by Rron Gjinovci
Not far from Prishtina at Hotel Gracanica,where green fields surround the white, minimalist, and very modern building, the first solo exhibition of the young Kosovo artist Milica Kostic is taking place.
Although her paintings are realist, one can also find some Manga influences and elements in the hairstyles of the painter’s subjects. In most cases, the garb is classical, but in the faces one can notice contemporary features.
Kostic’s powerful subjects reflect her own feelings at the moment she is painting an art piece. “That’s how I experienced it, that’s how I see it, and there I go, I put it on canvas,” explains Kostic.
She is only 24. Born in 1991 in Prishtina, Kostic now lives in the suburbs of Kosovo’s capital, the village Laplje Selo. She finished her bachelor and master studies in Nis University of Arts in Serbia this year.
Kostic decided to title her first solo exhibition “Parallel Worlds.” The title might resonate with the parallel lives Serbs and Albanians lead in Kosovo, although the author is unwilling to provide that explanation. She does however admit that her own life in the village parallels how life in general works nowadays.
“I love Kosovo, our history, the land where I was born, the province in which I was born, but I don’t know what to say… Sometimes I feel like I don’t belong to this era,” she says smiling, as we talk next to one of her many portraits that stand as contemporary homages to 19th century painting. “But, when I’m here [in Laplje Selo] I somehow get detached from all of these issues.”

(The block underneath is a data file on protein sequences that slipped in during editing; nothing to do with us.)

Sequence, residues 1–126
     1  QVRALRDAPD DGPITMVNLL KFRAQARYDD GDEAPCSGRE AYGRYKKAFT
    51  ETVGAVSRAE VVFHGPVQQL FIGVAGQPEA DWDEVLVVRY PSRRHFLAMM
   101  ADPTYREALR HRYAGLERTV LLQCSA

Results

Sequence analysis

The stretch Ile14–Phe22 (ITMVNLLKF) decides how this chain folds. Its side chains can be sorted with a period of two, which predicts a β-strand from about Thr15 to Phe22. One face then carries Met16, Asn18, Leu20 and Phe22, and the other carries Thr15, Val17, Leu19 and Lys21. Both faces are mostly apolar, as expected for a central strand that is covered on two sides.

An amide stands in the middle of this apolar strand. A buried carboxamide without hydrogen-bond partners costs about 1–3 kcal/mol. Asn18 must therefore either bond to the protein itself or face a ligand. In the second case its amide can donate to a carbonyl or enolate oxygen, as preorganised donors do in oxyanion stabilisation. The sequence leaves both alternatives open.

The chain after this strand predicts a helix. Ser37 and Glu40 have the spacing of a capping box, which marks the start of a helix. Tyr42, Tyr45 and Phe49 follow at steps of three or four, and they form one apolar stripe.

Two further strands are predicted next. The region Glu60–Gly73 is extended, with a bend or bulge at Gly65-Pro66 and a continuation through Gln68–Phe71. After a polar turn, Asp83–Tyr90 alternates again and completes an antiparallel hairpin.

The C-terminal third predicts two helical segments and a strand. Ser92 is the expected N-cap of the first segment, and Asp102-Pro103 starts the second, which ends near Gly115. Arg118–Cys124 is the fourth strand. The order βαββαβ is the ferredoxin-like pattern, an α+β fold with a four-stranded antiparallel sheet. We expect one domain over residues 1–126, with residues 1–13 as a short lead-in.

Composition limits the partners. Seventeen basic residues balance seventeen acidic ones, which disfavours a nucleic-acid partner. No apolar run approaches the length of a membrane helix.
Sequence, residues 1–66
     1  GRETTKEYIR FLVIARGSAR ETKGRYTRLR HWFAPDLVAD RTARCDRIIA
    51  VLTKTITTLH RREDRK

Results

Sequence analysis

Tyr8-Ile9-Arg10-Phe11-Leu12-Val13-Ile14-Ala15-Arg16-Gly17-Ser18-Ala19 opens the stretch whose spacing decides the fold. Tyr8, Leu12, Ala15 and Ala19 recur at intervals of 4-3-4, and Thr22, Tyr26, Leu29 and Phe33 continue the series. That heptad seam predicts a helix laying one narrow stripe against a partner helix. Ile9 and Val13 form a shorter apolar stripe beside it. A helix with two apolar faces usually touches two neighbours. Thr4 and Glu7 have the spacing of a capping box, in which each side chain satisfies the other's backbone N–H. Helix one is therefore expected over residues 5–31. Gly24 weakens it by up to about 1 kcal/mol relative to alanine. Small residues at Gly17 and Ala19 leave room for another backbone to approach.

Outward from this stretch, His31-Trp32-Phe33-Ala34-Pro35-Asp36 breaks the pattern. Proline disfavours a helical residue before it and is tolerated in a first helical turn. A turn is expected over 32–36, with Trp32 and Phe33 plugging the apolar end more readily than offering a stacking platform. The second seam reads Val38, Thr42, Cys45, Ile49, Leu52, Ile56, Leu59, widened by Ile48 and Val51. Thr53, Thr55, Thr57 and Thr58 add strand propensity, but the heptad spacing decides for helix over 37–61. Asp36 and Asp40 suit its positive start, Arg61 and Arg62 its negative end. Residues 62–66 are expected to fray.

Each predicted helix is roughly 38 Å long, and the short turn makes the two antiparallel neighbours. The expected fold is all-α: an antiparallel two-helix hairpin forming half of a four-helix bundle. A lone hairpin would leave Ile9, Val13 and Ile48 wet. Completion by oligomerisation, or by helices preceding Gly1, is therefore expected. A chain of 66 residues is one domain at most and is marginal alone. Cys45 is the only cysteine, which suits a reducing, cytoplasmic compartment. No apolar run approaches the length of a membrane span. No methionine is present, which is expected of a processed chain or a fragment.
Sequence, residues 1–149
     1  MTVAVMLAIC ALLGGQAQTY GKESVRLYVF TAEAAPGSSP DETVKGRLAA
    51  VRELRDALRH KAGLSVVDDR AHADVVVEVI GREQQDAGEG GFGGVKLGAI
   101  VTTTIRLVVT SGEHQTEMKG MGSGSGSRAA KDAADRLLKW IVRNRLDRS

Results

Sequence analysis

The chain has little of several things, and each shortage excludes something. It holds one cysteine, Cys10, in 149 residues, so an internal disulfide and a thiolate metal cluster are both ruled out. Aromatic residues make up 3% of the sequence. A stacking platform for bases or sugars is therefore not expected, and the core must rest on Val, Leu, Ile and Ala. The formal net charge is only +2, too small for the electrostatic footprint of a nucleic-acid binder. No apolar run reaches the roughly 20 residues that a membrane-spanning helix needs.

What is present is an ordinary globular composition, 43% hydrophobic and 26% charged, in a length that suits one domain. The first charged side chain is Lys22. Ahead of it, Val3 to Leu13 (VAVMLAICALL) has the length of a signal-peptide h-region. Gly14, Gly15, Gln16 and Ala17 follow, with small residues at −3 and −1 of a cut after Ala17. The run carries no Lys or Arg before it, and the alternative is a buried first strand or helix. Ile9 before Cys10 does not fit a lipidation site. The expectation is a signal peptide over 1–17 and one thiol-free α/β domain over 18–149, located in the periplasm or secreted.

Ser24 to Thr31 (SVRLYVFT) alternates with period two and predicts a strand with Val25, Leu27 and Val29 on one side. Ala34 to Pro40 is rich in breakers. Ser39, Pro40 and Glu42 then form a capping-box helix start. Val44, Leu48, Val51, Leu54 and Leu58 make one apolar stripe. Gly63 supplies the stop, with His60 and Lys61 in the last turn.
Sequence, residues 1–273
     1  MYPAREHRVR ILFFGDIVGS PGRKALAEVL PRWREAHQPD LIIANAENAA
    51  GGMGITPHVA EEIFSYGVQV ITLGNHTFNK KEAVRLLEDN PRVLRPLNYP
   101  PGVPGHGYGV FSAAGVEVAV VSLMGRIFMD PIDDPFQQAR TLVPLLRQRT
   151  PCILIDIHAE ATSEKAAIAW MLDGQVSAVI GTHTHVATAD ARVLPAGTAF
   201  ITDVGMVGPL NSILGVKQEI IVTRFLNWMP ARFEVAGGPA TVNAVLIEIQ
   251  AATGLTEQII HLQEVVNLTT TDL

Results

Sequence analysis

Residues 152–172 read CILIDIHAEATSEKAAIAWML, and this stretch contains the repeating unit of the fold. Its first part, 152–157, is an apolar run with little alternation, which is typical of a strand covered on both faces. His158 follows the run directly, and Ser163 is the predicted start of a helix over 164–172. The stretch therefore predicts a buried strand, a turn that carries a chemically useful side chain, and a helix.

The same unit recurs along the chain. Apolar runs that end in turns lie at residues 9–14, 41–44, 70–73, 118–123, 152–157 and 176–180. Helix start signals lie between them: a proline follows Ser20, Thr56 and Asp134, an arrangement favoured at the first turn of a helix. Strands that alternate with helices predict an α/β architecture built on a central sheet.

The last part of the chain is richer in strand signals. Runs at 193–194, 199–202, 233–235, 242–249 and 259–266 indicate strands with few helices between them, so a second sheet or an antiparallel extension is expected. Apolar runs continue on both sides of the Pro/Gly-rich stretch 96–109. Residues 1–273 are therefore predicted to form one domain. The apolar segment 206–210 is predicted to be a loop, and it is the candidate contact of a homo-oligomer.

Lapjle Selo is a bucolic village in the municipality of Gracanica, one of the largest Serb municipalities in Kosovo. Being only a few kilometers from the capital, the area has become a trade hub for Serbs and Albanians alike, while Hotel Gracanica also attracts international patronage.
Kostic is critical of topics that most people are interested nowadays.
“Everyone is interested in this Third World War that is happening – maybe not a physical war, but it’s happening through media, internet… It affects human psychology, and I’m not sure if people understand that,” says Kostic, worryingly.
“I think that the most important war is the one with ourselves,” she adds.
When asked about her everyday life in Kosovo Kostic seems a bit confused. She would love to be treated normally in the city she was born, to be part of the artistic life of her birthplace, but she is not. Indeed, no artists from the capital’s usual art scene are attending her opening – in fact not even a single ethnic Albanian (with the exception of this author) is in attendance.
“I know that among our people [Albanian and Serb] there are differences but I would love to… my paintings say this: faith, love, and hope. I think there is hope that everything will be better,” says Kostic, doubtfully looking at her nails. “But yes, I would love to feel free to go every day in Prishtina, in the Art Gallery and to socialize with people there.” She does not have to add that she cannot.
This exhibition was taking place in a village, in a hotel and not where it should have happened, in any art gallery in Prishtina. Since the Kosovo war ended in 1999, most Kosovo Serbs live in municipalities with a Serb majority which do not recognize Kosovo’s independence. Very little cooperation exists between young Albanians and Serbs, who have official representatives in the Kosovo parliament and government.